Tuesday 29 January 2019
Proust was a Neuroscientist by Jonah Lehrer
This is a fascinating look into the way that artists have revealed insights into the way our brains work, insights that have later been shown to be based in science. Each chapter focuses on a different artist and how she or he changed the way we think about our mind processes and also changed the history of art. The book focuses mostly on writers exploring how Proust first revealed the fallibility of memory, how Virginia Woolf explored the way we think and how Gertrude Stein explored and revealed the deep structures of language. Another chapter explores how Igor Stravinsky changed the way people thought about music and how as people listened more to his music it became less discordant and ugly as their ears attuned to the new combinations of sound. There's a chapter on how Cezanne tried to show reality as it really is rather than as we see it, thus paving the way for abstract art.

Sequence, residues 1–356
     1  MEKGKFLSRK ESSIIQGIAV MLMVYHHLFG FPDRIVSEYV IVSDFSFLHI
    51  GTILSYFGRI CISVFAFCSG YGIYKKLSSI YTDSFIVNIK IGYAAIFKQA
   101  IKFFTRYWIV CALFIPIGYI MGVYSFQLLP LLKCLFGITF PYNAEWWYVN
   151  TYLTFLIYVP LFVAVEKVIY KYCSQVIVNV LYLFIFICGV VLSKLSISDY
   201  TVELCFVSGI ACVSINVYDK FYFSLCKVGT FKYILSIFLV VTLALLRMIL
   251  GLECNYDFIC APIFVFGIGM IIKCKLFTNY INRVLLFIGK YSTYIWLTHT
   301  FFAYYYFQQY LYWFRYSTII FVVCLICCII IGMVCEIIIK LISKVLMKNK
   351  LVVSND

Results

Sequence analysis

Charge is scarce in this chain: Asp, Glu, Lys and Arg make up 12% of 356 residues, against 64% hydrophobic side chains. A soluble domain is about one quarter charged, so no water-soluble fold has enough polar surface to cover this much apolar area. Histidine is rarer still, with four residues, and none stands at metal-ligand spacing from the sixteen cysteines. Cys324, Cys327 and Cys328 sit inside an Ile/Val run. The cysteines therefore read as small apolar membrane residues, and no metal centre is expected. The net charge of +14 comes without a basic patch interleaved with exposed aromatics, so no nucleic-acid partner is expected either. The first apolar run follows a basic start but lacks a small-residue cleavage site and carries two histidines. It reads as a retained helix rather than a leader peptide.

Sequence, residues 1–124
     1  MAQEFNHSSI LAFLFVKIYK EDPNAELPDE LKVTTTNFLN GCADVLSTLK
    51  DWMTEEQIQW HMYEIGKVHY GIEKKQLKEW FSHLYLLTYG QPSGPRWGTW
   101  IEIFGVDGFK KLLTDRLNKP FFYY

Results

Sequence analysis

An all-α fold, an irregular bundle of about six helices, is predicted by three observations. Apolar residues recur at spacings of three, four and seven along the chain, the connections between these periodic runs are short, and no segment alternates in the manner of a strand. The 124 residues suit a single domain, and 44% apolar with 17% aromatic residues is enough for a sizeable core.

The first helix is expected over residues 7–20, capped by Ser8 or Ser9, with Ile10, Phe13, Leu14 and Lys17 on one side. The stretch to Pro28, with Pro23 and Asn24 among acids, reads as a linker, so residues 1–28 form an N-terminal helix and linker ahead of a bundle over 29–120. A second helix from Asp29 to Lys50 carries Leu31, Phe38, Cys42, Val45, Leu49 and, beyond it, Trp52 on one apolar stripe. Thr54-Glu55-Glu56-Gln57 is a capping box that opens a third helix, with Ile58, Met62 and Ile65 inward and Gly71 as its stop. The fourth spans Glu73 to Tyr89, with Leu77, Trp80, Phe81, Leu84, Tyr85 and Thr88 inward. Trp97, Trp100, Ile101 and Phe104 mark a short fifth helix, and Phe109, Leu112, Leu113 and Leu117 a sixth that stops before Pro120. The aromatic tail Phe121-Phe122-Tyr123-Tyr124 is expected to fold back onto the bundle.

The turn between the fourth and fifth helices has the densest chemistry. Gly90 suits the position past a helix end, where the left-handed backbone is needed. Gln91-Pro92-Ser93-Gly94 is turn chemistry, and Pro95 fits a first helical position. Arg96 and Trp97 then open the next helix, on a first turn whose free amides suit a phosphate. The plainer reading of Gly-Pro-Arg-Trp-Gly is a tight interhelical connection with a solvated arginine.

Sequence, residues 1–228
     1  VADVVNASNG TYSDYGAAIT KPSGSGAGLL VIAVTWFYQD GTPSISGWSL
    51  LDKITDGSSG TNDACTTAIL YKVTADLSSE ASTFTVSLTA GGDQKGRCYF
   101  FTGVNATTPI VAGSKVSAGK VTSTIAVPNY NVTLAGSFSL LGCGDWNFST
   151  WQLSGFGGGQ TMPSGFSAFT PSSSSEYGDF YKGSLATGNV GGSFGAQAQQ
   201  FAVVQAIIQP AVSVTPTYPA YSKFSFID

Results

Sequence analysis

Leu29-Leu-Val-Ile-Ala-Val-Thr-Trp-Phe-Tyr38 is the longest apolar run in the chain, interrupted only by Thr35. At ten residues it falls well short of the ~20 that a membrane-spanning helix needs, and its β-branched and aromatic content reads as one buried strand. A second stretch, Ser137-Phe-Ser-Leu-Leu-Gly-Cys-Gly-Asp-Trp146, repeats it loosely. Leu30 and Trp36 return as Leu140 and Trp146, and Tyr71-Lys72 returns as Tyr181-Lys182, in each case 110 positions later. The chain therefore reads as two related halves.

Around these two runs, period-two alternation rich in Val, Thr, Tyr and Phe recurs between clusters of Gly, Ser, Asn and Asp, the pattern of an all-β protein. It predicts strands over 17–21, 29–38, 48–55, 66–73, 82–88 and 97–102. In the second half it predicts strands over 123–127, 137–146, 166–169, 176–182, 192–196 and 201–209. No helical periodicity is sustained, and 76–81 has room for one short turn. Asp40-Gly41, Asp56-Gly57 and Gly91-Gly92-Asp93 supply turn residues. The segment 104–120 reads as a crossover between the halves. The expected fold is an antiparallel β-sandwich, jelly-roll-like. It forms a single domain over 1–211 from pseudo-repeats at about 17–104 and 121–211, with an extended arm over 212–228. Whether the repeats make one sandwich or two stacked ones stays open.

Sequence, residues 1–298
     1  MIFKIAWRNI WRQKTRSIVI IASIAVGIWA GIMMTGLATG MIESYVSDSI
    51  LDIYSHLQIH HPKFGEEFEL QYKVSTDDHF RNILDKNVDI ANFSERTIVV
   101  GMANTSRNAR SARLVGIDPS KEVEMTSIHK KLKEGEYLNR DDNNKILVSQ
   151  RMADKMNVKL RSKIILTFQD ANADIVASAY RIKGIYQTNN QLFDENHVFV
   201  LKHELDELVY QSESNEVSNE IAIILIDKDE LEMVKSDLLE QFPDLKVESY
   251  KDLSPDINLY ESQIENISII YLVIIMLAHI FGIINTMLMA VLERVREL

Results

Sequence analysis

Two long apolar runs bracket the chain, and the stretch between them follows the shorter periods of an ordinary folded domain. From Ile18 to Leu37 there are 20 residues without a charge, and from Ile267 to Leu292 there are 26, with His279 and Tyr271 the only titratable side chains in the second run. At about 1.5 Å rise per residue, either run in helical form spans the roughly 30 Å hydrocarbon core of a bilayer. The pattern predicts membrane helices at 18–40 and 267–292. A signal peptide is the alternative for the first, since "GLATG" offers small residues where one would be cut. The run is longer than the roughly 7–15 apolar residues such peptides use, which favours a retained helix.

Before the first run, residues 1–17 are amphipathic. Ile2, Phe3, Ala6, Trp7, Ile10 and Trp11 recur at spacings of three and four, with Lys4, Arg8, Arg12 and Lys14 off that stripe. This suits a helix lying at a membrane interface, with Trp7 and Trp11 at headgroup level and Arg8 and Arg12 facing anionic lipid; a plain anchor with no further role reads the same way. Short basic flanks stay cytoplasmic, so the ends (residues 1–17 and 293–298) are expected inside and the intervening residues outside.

Each chapter is fascinating in its own right but together they add up to a very strong argument that the arts are as important for understanding life as are the sciences.
This is reflected in the latest policy report from educational charity The Edge Foundation, Towards a Twenty-First Century Education System, which calls for dramatic changes to the UK's current national curriculum and argues that creativity should be at the heart of all learning.
Proust was a Neuroscientist by Jonah Lehrer published by Mariner Books.